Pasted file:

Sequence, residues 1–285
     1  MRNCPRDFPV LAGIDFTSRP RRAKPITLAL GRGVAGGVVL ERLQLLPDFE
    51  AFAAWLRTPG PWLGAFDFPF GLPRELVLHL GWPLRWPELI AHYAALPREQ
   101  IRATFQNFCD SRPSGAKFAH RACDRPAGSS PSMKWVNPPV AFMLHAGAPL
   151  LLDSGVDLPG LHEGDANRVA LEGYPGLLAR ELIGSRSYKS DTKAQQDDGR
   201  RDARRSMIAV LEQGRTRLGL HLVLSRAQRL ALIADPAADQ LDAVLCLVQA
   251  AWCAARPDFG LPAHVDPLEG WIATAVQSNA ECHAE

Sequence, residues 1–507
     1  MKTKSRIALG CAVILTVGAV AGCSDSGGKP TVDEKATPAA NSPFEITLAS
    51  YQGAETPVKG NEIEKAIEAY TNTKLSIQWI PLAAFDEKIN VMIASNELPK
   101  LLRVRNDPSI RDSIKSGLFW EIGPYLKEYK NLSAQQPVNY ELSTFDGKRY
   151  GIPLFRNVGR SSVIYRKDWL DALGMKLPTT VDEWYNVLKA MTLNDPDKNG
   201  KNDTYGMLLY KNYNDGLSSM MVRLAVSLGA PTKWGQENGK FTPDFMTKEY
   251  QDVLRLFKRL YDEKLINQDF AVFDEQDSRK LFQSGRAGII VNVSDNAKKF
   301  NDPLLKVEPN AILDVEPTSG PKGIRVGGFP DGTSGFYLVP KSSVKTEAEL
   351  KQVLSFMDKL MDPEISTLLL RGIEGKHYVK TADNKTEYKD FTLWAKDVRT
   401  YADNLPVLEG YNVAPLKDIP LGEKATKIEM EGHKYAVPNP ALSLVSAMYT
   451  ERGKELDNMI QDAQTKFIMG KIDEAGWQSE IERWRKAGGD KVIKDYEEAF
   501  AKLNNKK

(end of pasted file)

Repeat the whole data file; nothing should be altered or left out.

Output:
Sequence, residues 1–285
     1  MRNCPRDFPV LAGIDFTSRP RRAKPITLAL GRGVAGGVVL ERLQLLPDFE
    51  AFAAWLRTPG PWLGAFDFPF GLPRELVLHL GWPLRWPELI AHYAALPREQ
   101  IRATFQNFCD SRPSGAKFAH RACDRPAGSS PSMKWVNPPV AFMLHAGAPL
   151  LLDSGVDLPG LHEGDANRVA LEGYPGLLAR ELIGSRSYKS DTKAQQDDGR
   201  RDARRSMIAV LEQGRTRLGL HLVLSRAQRL ALIADPAADQ LDAVLCLVQA
   251  AWCAARPDFG LPAHVDPLEG WIATAVQSNA ECHAE

Sequence, residues 1–507
     1  MKTKSRIALG CAVILTVGAV AGCSDSGGKP TVDEKATPAA NSPFEITLAS
    51  YQGAETPVKG NEIEKAIEAY TNTKLSIQWI PLAAFDEKIN VMIASNELPK
   101  LLRVRNDPSI RDSIKSGLFW EIGPYLKEYK NLSAQQPVNY ELSTFDGKRY
   151  GIPLFRNVGR SSVIYRKDWL DALGMKLPTT VDEWYNVLKA MTLNDPDKNG
   201  KNDTYGMLLY KNYNDGLSSM MVRLAVSLGA PTKWGQENGK FTPDFMTKEY
   251  QDVLRLFKRL YDEKLINQDF AVFDEQDSRK LFQSGRAGII VNVSDNAKKF
   301  NDPLLKVEPN AILDVEPTSG PKGIRVGGFP DGTSGFYLVP KSSVKTEAEL
   351  KQVLSFMDKL MDPEISTLLL RGIEGKHYVK TADNKTEYKD FTLWAKDVRT
   401  YADNLPVLEG YNVAPLKDIP LGEKATKIEM EGHKYAVPNP ALSLVSAMYT
   451  ERGKELDNMI QDAQTKFIMG KIDEAGWQSE IERWRKAGGD KVIKDYEEAF
   501  AKLNNKK